Day 28 – Ulan-Ude/Trans-Siberian to Yekaterinburg

Hospitable / Day 28 of 64 / 06 June

It’s my first full day in Russia. I woke up at 6am, and at 6.45am, I walked to the Ulan-Ude Railway Station [Железнодорожный вокзал Улан-Удэ Пассажирский, Zheleznodorozhnyy Vokzal Ulan-Ude Passazhirskiy], where my Trans-Siberian train to Yekaterinburg (RZD 069, rzd.ru, 6628 RUB/142 SGD/pax) would be departing from. I boarded the train at 7.30am, and the train left the station at 8am. My journey from Ulan-Ude to Yekaterinburg would take 60 hours, so I made sure to stock up on cup noodles and instant potatoes (a Russian favourite) before boarding the train.

Ulan-Ude Railway Station.

Once on board, I took a nap until 11am. I was exhausted from being constantly on the move, and some nap time was just what I needed. Plenty of time to rest on this leg of the Trans-Siberian.

This was lunch for the next 60 hours.

In my soft sleeper cabin were three other people: Misha, and Natasha and her three-year-old son, Gorsha. Misha was really friendly and tried to make conversation with me in English after I had woken up from my nap. He was travelling to Irkutsk, his home, after running an errand in Ulan-Ude. His family was originally from Novosibirsk, but they moved to Irkutsk almost 20 years ago. They moved because the collapse of the USSR made it hard to find jobs in Novosibirsk. Since then, Misha and his family have been living in Irkutsk.

Meanwhile, Natasha and Gorsha were travelling to Ilanskaya to visit Gorsha’s grandmother. Natasha said she had to work, so she was going to leave her son in her mother’s care for a while.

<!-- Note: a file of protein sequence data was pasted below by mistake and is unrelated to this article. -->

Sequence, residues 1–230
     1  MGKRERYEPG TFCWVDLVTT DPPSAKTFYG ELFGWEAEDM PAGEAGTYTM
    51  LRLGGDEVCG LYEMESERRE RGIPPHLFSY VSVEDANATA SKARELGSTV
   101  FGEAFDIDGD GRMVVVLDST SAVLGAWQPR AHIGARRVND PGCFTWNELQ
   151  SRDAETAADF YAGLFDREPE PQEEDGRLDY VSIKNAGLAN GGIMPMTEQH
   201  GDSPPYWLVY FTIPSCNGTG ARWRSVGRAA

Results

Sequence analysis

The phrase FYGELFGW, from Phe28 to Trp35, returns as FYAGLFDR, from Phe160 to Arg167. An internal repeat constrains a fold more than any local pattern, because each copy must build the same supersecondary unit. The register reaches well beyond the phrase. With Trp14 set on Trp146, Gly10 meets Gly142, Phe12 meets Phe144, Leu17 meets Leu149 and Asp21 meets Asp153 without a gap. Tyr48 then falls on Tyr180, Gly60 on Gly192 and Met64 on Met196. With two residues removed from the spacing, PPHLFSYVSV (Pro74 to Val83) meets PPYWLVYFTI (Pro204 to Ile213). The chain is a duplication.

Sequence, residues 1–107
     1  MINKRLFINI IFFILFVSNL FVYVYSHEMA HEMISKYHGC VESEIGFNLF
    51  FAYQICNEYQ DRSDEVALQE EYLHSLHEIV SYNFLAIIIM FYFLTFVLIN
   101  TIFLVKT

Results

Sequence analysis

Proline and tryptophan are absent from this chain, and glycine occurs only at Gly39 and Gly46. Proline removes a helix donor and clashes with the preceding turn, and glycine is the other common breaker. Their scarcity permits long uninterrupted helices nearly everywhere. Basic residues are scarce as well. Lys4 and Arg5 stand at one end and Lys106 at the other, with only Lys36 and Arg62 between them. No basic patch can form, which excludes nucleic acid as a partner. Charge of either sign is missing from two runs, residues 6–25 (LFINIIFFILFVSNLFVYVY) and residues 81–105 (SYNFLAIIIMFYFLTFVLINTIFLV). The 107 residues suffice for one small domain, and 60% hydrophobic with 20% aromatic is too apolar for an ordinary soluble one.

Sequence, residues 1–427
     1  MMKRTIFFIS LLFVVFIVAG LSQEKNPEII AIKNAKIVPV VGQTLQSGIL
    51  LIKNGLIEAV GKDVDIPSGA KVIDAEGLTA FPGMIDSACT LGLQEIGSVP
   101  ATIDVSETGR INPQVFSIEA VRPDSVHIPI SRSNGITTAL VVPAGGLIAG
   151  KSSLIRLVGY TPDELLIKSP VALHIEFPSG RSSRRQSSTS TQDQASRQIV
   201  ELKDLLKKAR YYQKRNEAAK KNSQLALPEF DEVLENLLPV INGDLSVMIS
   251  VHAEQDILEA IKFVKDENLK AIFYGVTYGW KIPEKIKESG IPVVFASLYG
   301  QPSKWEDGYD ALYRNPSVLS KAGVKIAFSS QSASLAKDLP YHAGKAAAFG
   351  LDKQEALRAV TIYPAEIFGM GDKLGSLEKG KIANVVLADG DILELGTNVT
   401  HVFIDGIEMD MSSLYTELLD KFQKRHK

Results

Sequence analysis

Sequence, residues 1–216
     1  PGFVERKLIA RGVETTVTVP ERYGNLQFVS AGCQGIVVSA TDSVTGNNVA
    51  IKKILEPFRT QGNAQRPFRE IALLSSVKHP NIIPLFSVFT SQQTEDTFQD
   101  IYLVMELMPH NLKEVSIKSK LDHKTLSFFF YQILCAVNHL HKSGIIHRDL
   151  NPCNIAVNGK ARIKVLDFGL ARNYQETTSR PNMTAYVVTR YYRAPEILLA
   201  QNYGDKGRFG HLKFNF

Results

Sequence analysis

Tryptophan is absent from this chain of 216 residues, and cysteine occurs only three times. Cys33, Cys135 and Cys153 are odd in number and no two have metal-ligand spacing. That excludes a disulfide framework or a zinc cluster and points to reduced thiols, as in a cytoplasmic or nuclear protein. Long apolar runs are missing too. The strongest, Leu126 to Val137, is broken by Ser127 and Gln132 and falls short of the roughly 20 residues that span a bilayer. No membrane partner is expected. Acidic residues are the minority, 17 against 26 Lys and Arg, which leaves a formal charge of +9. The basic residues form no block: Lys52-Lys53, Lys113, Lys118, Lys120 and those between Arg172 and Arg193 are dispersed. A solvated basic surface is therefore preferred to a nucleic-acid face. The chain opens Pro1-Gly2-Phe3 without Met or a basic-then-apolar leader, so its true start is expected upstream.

As the train passed Lake Baikal, the world’s largest freshwater lake, Misha woke me up so I wouldn’t miss the beautiful views. Lake Baikal was huge. Even at its narrowest point, it was hard to make out the land on the other side. The lake almost seemed like an ocean.

Lake Baikal.

Smoke break at Vydrino Railway Station.

At 4.20pm, the train reached Irkutsk. Those of us left in the cabin said goodbye to Misha. Then, I left the cabin to buy some more food at a minimart opposite the Irkutsk Railway Station. The train was stopping at Irkutsk for 40 minutes. On the Trans-Siberian, there are long stops of at least 20 minutes every four hours or so. These stops allow passengers to purchase food, to smoke, or just stretch their legs. Back on board the train, Natasha gave me a glass of a traditional Russian drink called Kvass. It was delicious and had a sort of alcoholic taste to it. Natasha said it would help me sleep better.

Train 069’s timetable.

Irkutsk Railway Station.

At around 9.30pm, the train pulled into Zima. I left the cabin for a smoke. The train left the station at 10pm, and I stayed up for an hour more watching Netflix. When I eventually went to sleep at 11pm, the sun was still up. Time in Russia is much like in Mongolia: funky.

Zima Railway Station.

– Ryan

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